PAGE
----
A: I listen to several hours of podcasts a day, generally, while exercising, walking, or working around the house/office. These podcasts allow me to explore a variety of topics to gain different perspectives which serves to enrich my views on life, liberty, the pursuit of happiness. When I become bored, I began to think about my last exit. Since this exit involved private equity, a board of directors, intellectual property, and a host of other issue, which was a lot different than a much smaller exit I’d had earlier in my career. If I had been better prepared, I could have done a little bit (maybe a lot) better for myself. I felt that there were probably a lot of other entrepreneurs like myself that could benefit from getting insights that could help them gain some perspective on to position a company for an eventually exit.
A: Entrepreneurs spend decades, if not a lifetime, building a business and often and then only ten minutes (relatively speaking) planning their exit. Because exits are often driven by external events such as health issues, a death, unexpected economic changes, business partner issues, divorce, and a host of other issues, not have any type of plan in place for how to exit a business can result in flushing the years of hard work down the toilet. There are case studies in the book where an entrepreneur lost it all by not having a plan in place. I believe the biggest takeaway in the book is that there is a process on how to think about how to position your company for an exit.
A: Actually, that was my original plan. However, after briefly pursuing this format, I realized that every entrepreneur thought their exit was the exit to end all exits when in reality these exits were somewhat routine. It is hard to create an engaging podcast with unexciting, not so interesting, or marginally valuable content. One day I had this epiphany – why not interview the dealmakers that facilitate exits? They probably have a portfolio of dozens, if not hundreds, of interesting transactional stories that they can share. This has proven to be the case. The stories, the good, bad, and some really ugly exit stories, has provided some of the most insightful takeaways than any entrepreneur can have as they begin to think about their own exit.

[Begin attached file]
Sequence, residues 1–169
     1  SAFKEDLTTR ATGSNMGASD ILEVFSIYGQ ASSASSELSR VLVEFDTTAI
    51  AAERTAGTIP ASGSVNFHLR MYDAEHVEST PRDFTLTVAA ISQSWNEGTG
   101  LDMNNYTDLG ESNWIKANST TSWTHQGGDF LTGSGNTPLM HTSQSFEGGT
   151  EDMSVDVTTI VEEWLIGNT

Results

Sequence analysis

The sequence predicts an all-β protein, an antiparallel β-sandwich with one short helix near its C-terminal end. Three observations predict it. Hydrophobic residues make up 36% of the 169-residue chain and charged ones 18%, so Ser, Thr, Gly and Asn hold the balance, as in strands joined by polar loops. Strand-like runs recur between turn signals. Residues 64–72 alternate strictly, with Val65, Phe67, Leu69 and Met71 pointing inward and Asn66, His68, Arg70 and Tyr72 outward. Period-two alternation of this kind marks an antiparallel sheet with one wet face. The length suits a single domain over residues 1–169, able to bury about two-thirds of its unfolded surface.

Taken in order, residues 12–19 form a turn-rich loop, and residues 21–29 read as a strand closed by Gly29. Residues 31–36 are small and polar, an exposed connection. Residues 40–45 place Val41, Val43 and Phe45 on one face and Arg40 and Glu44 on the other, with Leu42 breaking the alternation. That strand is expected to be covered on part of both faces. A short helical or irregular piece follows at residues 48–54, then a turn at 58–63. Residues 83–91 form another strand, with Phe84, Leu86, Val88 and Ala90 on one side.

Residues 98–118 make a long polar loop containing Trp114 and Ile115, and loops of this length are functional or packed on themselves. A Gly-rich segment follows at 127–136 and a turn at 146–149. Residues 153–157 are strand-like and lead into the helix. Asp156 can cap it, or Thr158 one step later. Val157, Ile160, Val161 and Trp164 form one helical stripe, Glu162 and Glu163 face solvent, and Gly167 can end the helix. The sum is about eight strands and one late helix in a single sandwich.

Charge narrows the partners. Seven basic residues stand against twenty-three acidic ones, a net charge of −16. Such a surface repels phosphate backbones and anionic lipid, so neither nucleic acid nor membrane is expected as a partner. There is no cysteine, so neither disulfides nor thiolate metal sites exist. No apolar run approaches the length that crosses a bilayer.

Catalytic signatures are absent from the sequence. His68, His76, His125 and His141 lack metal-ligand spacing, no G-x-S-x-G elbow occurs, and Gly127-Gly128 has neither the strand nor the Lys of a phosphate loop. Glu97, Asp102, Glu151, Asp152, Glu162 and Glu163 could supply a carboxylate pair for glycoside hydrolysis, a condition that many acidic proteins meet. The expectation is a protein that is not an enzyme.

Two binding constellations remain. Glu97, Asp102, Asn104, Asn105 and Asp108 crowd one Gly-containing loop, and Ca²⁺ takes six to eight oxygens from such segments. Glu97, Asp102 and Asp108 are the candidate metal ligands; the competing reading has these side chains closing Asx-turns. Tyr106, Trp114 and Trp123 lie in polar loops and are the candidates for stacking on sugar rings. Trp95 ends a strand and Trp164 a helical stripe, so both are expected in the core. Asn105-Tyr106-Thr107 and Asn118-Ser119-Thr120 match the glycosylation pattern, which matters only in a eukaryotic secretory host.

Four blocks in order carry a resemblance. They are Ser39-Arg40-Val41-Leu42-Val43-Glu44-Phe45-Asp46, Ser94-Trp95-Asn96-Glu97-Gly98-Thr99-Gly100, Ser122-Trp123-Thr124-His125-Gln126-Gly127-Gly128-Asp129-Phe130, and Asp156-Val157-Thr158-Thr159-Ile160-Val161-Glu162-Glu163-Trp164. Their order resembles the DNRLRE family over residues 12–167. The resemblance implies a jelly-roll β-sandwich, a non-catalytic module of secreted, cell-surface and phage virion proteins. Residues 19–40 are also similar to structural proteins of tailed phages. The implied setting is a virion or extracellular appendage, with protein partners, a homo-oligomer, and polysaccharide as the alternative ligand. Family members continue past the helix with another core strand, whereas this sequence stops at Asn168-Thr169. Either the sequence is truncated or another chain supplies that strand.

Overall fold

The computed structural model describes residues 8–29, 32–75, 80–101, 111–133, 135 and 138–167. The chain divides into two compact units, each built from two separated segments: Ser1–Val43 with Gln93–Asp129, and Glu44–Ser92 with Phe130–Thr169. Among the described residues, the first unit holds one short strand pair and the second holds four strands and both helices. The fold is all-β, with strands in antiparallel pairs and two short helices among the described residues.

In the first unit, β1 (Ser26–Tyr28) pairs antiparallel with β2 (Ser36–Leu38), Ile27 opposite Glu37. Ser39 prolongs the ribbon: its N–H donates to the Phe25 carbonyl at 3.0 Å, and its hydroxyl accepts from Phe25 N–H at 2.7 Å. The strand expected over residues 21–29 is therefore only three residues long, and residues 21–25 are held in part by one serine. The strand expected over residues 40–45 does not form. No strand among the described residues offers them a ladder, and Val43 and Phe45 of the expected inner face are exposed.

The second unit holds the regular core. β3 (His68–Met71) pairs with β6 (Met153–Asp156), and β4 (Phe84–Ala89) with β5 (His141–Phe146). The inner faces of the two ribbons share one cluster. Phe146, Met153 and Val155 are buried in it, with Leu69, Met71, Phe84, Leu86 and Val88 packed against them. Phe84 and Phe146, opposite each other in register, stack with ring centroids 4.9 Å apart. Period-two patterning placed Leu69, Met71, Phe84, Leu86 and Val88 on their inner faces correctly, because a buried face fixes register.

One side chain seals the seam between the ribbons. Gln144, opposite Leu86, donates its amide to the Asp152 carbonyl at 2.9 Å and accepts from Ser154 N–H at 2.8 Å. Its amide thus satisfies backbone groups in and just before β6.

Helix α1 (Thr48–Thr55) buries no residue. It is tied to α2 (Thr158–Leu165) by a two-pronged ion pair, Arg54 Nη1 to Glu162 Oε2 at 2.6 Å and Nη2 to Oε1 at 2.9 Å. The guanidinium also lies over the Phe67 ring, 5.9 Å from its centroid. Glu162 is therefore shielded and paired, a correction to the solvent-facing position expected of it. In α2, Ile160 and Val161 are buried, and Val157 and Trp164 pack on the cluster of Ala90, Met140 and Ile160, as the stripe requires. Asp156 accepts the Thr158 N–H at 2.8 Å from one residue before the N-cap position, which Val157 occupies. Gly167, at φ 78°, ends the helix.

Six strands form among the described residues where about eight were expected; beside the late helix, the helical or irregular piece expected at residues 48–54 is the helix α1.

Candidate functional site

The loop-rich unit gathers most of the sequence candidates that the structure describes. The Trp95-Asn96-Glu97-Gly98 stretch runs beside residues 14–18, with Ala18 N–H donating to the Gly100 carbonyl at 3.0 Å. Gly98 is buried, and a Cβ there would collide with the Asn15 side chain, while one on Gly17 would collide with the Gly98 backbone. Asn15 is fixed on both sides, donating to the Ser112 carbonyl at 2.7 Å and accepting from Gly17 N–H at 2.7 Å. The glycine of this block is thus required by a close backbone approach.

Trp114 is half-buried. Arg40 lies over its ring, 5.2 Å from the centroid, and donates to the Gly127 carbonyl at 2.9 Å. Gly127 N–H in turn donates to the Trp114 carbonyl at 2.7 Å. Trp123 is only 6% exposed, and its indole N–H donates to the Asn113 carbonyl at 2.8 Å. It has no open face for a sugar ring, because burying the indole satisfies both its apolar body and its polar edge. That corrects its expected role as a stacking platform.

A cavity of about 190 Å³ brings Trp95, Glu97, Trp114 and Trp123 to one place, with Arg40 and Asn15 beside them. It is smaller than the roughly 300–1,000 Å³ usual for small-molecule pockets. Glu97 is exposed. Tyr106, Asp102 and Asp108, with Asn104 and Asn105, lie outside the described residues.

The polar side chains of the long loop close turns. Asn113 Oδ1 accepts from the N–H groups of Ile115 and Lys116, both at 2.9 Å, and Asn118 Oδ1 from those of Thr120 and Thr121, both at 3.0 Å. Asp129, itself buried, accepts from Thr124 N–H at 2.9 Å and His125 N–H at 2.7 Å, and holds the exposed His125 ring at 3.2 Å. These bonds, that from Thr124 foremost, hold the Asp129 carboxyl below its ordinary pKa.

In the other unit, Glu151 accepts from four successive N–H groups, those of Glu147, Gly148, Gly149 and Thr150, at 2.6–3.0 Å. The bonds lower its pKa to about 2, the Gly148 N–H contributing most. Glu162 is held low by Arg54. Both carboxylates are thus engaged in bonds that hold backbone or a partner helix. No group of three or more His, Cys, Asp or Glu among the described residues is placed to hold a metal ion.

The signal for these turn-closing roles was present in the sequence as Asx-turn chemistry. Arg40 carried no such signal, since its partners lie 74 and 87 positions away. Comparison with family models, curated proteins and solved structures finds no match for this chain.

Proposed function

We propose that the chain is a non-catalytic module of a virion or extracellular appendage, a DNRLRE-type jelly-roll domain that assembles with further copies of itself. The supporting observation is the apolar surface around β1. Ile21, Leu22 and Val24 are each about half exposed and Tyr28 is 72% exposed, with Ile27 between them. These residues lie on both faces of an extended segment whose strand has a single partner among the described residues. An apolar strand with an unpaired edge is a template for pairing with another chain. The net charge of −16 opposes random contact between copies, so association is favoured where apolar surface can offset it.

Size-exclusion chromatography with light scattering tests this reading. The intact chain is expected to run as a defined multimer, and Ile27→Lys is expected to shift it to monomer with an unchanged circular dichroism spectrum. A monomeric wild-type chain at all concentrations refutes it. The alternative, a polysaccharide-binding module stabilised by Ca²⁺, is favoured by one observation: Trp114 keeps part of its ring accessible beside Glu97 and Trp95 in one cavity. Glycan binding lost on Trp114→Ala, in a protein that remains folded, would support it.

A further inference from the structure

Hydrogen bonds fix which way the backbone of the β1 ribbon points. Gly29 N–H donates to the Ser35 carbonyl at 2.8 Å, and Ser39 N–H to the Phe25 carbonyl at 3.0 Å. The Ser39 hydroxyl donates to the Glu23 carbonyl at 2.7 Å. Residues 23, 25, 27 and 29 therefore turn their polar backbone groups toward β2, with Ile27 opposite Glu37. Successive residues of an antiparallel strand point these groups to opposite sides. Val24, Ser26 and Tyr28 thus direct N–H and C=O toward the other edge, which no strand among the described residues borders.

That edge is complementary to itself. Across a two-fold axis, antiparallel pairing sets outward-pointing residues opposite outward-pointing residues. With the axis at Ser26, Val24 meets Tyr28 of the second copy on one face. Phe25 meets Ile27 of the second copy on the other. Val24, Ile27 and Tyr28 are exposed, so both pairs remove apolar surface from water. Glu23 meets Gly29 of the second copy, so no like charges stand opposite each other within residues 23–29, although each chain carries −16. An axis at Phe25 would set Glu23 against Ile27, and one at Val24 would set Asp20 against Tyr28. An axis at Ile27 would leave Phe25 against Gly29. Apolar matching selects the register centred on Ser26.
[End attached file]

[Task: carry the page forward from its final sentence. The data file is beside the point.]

A: Just email me at firstname.lastname@example.org and tell me a little about your podcast.
A: Since there are so many variables in the planning process, the best thing to do is have a brief discussion. The outcome of this may be to refer to a business intermediary, help you build your exit team, or do some online study. Just send me an email to the email@example.com and tell me a little about your situation. Then it is appropriate, we can have a chat.
After successfully exiting his business, Marvin L. Storm started the Business Exit Stories Podcast. The podcast is in an interview format and shares stories and insights on how others have exited their business successfully, and some that made mistakes that cost them hundreds of thousands, and in some cases, millions in lost value on their exit.
Now these insights and exit stories are chronicled in nine key strategies that teach you how to position your business to stand out in a crowded marketplace and how to get multiple buyers to line up and bid for your business pushing your selling price far beyond what you could have imagined.
Get your FREE copy (you pay shipping) offer or a $0.99 Kindle version by simply registering. Off limited to first 1000 registrants – most are already taken.